The Hull is the main body of a ship, boat, or other vessel type. [1]

Library Data Referral Tree[edit]

Please see the following AAB Library Data articles for more information:
Ship Design:

Description (Specifications)[edit]

Hulls or fuselages are the skeletons, internal structures, and other core structural features of a craft capable of atmospheric flight, spaceflight, or starflight. [1]

Hulls are identified by their mass displacement, expressed in tons of displaced liquid hydrogen. When hulls are constructed, they are divided into an engineering section for the drives and the main compartment for everything else. Standard hulls are available at reduced prices and construction times. Any other hull must be produced on a custom basis. Hulls vary in their requirements for drives and power plants based on tonnage. [1]

The CBPUSAL-7 Hull Series are considered the seven basic known hull types. All other hull variations are considered subtype variations. Certain streamlining configurations are associated with each of the seven hull types, but variations are possible among un-streamlined, partially streamlined, and fully streamlined orientations among other possibilities.

Hull Primary Characteristics[edit]

  1. Hull Shape (Hull Configuration)
    1. Cluster Hull (consisting of linked subhulls and pods)
      1. Close Structure Hull
      2. Dispersed Structure Hull
      3. Distributed Structure Hull
      4. Irregular Structure Hull
      5. Open Frame Hull
    2. Braced Cluster Hull (consisting of linked subhulls and pods, able to withstand acceleration and gravity wells)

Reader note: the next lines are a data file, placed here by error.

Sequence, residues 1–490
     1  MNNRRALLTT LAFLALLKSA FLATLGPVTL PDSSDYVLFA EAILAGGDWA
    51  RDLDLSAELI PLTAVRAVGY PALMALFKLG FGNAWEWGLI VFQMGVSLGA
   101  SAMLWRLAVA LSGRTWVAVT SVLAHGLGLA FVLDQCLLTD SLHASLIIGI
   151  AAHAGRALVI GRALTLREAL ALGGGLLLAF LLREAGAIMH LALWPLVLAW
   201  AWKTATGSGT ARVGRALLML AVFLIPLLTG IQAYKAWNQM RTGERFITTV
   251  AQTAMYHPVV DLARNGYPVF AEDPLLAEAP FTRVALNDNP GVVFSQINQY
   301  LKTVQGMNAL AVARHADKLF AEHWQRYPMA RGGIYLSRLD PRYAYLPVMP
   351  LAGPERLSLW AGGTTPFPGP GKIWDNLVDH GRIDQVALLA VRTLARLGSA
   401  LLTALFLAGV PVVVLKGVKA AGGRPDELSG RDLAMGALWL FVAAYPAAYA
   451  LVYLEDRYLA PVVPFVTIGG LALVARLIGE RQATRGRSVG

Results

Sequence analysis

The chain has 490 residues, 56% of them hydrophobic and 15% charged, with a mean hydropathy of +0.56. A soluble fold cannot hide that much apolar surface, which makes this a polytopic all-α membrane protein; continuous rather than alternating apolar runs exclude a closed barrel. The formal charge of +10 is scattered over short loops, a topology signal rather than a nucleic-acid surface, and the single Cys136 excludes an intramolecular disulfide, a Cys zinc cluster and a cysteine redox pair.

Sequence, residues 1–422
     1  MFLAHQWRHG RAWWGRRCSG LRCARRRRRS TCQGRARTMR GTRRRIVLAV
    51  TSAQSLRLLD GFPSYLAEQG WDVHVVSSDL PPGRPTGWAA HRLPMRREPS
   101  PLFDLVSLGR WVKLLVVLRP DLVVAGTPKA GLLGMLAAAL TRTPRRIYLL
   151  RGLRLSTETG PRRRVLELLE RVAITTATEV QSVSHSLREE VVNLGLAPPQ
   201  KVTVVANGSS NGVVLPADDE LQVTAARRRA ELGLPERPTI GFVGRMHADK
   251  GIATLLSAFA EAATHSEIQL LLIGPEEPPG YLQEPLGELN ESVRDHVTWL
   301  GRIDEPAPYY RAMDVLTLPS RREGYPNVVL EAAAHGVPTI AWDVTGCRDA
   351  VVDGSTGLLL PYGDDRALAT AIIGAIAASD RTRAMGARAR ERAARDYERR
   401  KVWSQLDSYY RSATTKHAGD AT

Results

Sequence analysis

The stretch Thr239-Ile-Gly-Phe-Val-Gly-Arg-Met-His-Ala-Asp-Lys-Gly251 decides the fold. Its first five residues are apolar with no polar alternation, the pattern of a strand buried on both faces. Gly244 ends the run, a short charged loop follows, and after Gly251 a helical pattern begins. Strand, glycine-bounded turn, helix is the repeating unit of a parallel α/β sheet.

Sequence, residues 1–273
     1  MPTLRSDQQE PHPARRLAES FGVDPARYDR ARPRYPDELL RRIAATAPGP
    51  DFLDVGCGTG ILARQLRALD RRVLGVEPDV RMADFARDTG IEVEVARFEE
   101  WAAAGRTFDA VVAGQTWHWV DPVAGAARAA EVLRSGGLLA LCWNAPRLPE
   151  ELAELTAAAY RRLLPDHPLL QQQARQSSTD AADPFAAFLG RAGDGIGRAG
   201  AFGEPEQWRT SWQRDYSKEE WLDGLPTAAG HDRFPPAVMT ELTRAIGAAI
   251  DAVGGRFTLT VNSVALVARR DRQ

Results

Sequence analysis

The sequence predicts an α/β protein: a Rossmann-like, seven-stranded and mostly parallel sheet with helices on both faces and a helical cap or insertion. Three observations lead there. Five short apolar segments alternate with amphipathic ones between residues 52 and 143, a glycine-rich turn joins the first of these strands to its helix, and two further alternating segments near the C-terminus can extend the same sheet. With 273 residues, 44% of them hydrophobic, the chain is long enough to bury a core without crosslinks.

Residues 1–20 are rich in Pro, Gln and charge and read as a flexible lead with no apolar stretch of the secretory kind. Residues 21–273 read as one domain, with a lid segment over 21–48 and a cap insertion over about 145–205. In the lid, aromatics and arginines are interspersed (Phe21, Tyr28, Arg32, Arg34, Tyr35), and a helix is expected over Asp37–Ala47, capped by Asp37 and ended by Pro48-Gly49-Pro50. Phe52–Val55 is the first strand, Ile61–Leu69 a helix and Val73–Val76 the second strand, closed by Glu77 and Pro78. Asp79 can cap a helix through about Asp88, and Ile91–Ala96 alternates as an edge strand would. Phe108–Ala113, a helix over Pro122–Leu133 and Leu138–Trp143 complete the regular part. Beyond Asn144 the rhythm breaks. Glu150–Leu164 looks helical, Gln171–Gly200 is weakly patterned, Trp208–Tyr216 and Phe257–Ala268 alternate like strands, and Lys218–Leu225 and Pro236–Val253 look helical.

1. Braced Hull
      2. Oreo Pattern Hull
    3. Planetoid Hull
      1. Buffered Planetoid Hull
    4. Unstreamlined Hull
      1. Box Hull
      2. Cube Hull
      3. Slab Hull
    5. Streamlined Hull
      1. Cone Hull
      2. Cylinder Hull
      3. Needle Hull
      4. Ring Hull
      5. Sphere Hull
    6. Wedge Hull
      1. Cylinder Hull
      2. Needle Hull
      3. Slab Hull
    7. Lifting Body Hull
      1. Disk Hull
      2. Dome Hull
      3. Flattened Sphere Hull
      4. Saucer Hull
  2. Hull Structure
  3. Hull Streamlining
    1. Partially Streamlined Hull
    2. Streamlined Hull
    3. Unstreamlined Hull

Hull Explication[edit]

The Hull: Hulls are identified by their mass displacement, expressed in tons. As a rough guide, one ton equals fourteen cubic meters (the volume of one ton of liquid hydrogen and its tank structure). When hulls are constructed, they are divided into an engineering section for the drives and the main compartment for everything else. All drives and power plants must be located in the engineering section, and only drives and power plants may be placed in that section. All other ship components, including fuel, cargo hold, living space, and computer must be located in the main compartment. [2]